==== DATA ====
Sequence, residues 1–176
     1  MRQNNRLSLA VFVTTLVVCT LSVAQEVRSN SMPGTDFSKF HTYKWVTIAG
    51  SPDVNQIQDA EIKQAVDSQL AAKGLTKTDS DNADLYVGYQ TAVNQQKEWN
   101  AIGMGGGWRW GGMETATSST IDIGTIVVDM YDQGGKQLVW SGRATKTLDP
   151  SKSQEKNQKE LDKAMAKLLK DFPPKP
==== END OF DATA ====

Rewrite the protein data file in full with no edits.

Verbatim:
Sequence, residues 1–176
     1  MRQNNRLSLA VFVTTLVVCT LSVAQEVRSN SMPGTDFSKF HTYKWVTIAG
    51  SPDVNQIQDA EIKQAVDSQL AAKGLTKTDS DNADLYVGYQ TAVNQQKEWN
   101  AIGMGGGWRW GGMETATSST IDIGTIVVDM YDQGGKQLVW SGRATKTLDP
   151  SKSQEKNQKE LDKAMAKLLK DFPPKP